London's blue-chip share index has edged closer to an all-time high in the wake of continued optimism over signs that the US economy is on the right track.

Jobs figures on Friday showing that employers in America added 217,000 jobs last month saw markets finish on the front foot, with New York's Dow Jones Industrial Average setting a new all-time high.

The positive sentiment spilled over into the latest session on this side of the Atlantic, with the FTSE 100 Index closing 16.8 points ahead at 6875, less than 60 points shy of its record closing level.

Loading article content

In Europe, Germany's Dax and France's Cac 40 also climbed, while the Dow Jones was up too at the time of the close in London.

On currency markets, the pound held firm against the dollar at 1.68 US dollars while it rose against the single currency - still subdued after last week's latest interest rate cut - to 1.24 euros. In London, mining stocks helped the top-flight as Chinese trade figures painted a mixed picture for the world's number two economy, with a seven per cent rise in exports resulting in the highest trade surplus in more than five years. This was offset by a surprise drop in imports, which will cast doubt on the strength of consumer demand and attempts to balance the country's economy.

Among the miners, BHP Billiton rose 12p to 1904p and Rio Tinto lifted 4p to 3172.5p, while Antofagasta climbed 8.5p to 781p and Fresnillo was up 8.5p to 784p.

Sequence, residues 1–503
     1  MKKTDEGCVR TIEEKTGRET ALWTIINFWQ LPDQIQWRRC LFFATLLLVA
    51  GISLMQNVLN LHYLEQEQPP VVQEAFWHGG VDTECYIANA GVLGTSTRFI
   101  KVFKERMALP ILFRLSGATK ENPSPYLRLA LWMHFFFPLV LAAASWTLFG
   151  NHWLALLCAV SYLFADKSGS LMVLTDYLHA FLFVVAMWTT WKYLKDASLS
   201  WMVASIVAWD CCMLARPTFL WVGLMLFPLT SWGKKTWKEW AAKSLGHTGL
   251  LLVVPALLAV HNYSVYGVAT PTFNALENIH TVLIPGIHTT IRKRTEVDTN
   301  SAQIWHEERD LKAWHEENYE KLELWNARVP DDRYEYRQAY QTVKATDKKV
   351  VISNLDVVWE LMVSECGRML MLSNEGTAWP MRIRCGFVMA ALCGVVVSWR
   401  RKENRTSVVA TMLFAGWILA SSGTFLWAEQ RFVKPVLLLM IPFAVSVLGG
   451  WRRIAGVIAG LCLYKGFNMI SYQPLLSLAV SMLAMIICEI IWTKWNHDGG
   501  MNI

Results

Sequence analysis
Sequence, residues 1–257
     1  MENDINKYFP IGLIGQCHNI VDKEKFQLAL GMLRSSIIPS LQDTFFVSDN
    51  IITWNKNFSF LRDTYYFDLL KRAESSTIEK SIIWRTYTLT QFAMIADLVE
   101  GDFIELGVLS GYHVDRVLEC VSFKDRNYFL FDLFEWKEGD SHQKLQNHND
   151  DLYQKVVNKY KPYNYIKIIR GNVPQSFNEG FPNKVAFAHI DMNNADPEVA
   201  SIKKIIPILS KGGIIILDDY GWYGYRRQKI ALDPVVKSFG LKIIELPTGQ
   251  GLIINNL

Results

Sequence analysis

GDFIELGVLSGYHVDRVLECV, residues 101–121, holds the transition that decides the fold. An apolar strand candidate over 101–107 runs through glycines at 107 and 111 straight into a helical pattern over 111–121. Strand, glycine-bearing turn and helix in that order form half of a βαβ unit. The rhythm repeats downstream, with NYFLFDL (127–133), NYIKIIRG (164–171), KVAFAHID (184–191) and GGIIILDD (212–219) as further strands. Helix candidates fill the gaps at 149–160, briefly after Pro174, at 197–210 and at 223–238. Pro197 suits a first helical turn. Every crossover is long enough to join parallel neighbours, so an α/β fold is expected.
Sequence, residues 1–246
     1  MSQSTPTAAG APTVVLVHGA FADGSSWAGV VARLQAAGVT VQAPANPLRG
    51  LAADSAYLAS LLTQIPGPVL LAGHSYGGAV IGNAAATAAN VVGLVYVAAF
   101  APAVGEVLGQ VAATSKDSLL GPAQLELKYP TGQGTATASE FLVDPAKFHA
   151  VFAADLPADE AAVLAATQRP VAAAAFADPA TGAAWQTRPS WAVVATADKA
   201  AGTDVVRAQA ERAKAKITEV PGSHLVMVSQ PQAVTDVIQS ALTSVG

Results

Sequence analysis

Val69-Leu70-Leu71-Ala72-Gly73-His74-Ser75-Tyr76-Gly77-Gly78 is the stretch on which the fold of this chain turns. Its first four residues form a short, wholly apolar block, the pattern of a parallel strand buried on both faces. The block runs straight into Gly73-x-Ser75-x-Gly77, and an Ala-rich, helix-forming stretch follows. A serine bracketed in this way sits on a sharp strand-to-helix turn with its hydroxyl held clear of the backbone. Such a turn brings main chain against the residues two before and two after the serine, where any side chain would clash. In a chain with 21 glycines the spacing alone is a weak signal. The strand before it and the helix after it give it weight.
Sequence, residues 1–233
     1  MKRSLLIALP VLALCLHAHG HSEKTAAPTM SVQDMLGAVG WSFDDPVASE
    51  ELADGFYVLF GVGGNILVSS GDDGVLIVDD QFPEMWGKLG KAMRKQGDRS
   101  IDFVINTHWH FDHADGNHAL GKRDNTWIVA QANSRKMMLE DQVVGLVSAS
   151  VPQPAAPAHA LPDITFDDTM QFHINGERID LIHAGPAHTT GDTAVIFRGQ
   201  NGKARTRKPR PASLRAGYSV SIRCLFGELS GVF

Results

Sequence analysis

Other risers included Sports Direct International after the retailer's board unveiled a third attempt to pass a bonus scheme for founder Mike Ashley. The plan, which is due before shareholders on July 2, will grant 25 million shares, worth around £200 million, among 3,000 employees if stretching earnings targets are hit. The targets warmed the company's share price, which lifted 12p to 825p.

Lloyds Banking Group shares were near the top of the FTSE 100 Index fallers board after it priced shares in its TSB unit at below the current book value of £1.5 billion. The price range of 220p to 290p gives the challenger bank a market capitalisation of between £1.1 billion and £1.4 billion. Lloyds shares were nearly 2 per cent lower, off 1.3p to 78.8p, in a session when state-backed counterpart Royal Bank of Scotland lifted 4.6p to 343.2p.

Some reports have suggested RBS is planning a new push to persuade the government to start selling down its 82 per cent stake, possibly through a £5 billion share placing.

The biggest FTSE 100 risers were Barratt Developments, up 9.3p at 375.9p, Sports Direct up 12p at 825p, ARM Holdings up 12.5p at 909.5p and Royal Bank of Scotland up 4.6p at 343.2p. The biggest FTSE 100 fallers were Babcock International, down 24p at 1226p, Lloyds Banking Group down 1.3p at 78.8p, Aberdeen Asset Management down 7.4p at 454.6p and St James's Place down 10.5p at 816.5p.